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… as voice orders surpass £200 per user

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No wonder marketers are looking to up their investment in voice search: a survey of more than 500 consumers across the UK reveals the average UK consumer is happy to spend in excess of £195 in an order through voice technology, rising to £232 in the case of shoppers over the age of 30.

According to the study by marketing technology company Wiraya, the rise in the use of voice technology shows the growing use of new tech for consumers looking for outstanding service. The study was conducted alongside Wiraya’s annual CRM Barometer report, which surveyed 750 leading CRM and Customer Experience Managers in the UK and Europe understanding current trends in customer experience.

This report revealed that a genuine two-way conversation with the customer ranks second highest in terms of what businesses now deem ‘outstanding customer service’. Furthermore, over a third of consumers surveyed (36%) want customer service available across different channels including mobile, online and over the phone.

Voicing customer expectations

There’s no one rule of thumb for delivering on customer experience and as such delivering a tailored experience to different consumer groups is key. For instance, 14% of 18 to 29 year olds identify self-service as a contributor to outstanding customer service, but this drops to just 4% among over 60s, who are far more interested in receiving proactive offers from brands (24%).

Delving further in to customer expectations in this area, at least 47% of consumers over the age of 45 want the best deals and prices to be directed to existing customers as opposed to luring new shoppers.

Despite this, only a quarter (27%) of business respondents to the CRM Barometer identified offering the best deals to existing customers as an area of outstanding customer service. This comes at a time when over 50% of customers would be willing to share information to enable more personalised, relevant communication.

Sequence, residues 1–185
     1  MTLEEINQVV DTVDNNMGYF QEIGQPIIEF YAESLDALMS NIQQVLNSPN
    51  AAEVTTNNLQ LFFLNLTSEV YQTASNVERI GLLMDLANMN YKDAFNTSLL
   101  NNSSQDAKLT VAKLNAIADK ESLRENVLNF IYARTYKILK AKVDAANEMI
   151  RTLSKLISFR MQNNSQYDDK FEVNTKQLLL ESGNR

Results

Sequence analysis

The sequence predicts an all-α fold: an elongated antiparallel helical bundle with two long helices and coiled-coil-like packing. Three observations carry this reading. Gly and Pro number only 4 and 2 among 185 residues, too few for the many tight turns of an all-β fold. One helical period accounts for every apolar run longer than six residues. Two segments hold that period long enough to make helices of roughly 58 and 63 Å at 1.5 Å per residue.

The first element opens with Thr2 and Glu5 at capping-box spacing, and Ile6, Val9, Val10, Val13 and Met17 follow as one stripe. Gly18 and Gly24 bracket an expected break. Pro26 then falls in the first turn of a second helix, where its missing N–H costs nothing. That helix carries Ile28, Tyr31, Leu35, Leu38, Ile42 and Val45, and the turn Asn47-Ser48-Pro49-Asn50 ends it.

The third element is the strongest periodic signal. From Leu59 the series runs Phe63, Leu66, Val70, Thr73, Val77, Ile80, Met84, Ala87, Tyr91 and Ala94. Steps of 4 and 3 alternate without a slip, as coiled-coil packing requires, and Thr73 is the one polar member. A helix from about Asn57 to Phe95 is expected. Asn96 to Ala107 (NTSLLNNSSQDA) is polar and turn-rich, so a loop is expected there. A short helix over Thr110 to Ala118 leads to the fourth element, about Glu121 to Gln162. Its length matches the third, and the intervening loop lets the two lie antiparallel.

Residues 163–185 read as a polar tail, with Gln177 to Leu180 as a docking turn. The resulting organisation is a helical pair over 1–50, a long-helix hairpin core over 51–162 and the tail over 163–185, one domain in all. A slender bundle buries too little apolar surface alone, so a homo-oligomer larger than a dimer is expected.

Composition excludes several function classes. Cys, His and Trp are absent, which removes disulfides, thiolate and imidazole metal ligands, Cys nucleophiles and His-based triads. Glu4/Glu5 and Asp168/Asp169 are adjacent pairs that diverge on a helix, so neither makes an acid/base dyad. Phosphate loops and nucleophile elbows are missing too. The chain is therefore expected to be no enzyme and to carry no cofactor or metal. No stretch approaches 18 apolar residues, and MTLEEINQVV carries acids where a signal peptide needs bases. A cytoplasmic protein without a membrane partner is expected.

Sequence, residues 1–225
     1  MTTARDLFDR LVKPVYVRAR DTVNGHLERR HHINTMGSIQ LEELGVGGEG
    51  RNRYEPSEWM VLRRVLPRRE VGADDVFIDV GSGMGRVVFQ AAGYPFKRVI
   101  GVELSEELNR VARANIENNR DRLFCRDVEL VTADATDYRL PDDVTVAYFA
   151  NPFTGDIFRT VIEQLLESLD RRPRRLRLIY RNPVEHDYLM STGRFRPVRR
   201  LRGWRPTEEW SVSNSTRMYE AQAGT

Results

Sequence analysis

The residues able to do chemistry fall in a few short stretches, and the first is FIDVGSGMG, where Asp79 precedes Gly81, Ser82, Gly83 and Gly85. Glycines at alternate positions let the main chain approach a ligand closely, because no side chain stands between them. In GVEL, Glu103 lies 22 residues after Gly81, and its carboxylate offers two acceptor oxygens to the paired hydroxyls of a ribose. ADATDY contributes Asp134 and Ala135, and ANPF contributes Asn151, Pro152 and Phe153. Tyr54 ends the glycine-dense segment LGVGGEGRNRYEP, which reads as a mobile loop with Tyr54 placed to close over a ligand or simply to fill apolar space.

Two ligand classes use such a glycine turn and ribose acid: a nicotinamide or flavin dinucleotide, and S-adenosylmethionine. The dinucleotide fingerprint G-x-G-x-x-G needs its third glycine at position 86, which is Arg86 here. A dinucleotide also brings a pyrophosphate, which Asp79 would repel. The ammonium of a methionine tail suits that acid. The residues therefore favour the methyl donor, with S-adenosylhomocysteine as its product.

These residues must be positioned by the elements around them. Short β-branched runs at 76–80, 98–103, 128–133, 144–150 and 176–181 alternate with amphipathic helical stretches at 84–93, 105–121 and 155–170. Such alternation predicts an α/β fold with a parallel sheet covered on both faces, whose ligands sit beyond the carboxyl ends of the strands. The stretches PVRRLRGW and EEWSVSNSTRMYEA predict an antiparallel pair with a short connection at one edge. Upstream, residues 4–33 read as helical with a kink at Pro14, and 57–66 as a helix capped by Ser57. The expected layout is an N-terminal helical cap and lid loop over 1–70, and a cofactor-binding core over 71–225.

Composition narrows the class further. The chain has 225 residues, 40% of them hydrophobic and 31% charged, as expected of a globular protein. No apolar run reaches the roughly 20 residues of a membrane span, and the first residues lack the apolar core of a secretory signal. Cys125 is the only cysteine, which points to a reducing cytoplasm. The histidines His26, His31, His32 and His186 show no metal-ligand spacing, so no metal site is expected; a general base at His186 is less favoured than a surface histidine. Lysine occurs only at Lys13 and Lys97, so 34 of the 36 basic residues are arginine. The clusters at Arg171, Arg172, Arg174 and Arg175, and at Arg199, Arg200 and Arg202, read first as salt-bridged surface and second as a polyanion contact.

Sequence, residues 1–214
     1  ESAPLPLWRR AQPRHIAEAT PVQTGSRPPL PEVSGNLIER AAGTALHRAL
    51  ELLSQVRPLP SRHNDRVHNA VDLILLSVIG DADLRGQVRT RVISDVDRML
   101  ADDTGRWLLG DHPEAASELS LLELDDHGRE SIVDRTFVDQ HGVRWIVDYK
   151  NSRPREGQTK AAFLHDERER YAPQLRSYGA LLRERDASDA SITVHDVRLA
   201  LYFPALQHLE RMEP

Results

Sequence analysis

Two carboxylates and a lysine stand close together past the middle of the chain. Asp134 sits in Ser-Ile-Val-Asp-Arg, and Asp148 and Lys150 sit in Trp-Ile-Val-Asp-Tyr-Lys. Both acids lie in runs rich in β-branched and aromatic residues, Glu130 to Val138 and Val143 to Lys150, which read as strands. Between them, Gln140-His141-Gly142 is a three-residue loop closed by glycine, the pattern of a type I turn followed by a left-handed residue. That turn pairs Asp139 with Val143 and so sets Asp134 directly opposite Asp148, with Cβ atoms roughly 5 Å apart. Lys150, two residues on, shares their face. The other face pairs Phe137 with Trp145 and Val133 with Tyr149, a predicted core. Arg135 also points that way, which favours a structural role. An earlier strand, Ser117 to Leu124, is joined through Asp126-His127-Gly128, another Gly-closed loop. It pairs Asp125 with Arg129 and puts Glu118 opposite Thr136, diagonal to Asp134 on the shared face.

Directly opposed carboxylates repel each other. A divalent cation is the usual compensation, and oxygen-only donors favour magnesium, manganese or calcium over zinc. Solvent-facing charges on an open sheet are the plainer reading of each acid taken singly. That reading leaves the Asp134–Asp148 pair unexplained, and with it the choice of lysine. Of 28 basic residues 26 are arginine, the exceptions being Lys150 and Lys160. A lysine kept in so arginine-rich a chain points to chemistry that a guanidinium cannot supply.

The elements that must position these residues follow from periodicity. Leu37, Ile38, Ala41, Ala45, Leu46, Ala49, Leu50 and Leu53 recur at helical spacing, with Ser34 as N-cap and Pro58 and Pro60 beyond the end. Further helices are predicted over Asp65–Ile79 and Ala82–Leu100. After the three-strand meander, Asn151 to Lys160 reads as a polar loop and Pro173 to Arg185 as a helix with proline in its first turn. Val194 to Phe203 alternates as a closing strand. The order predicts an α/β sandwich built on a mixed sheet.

Sam Madden, UK Director at Wiraya explains: “It’s easy to lose track of the consumer when you’re focused on all the different communication channels. But failing to focus on customer preferences simply isn’t an option. Consumers want to help brands improve their service, but 85% of those we interviewed are prepared to leave a brand or service provider after a bad experience.”

Customer voice represented

According to marketers interviewed in the 2018 CRM Barometer, 18% of businesses attribute a lack of new or modern technology as a reason for missing goals related to customer experience.

Madden concludes: “The good news is 21% of UK businesses are prioritising existing customers more than prospects this year. The customer’s voice is represented in the top management team in nearly nine in ten companies and 69% of customer experience leads within a business have the authority to make the changes necessary to enhance the customer experience. For many, the answer is building in that crucial layer of automation combined with a personal approach that tailors the service to each customer segment. Thankfully the technology now exists to you enable businesses to do just that.”

But it isn’t for everyone

All that said, voice commerce isn’t for everyone. A separate study by digital agency Code Computerlove of 1000 UK consumers found that most people are buying these devices not for shopping but to help with getting information – the most popular being how to boil and egg (20%) and getting it to tell them jokes (25%).

The most popular use of the devices is to play music (65%), news and weather reports (50%), travel information (16%) and listening to audio books (8%). Only 7% said they currently use them to buy things.

However, this only shows that consumers aren’t using them for shopping as a matter of course yet. It is clear from all the other research – and from this last study’s indication that consumers are getting used to what they can do with these voice devices – offers an insight into how voice is likely to become a tool for shopping.

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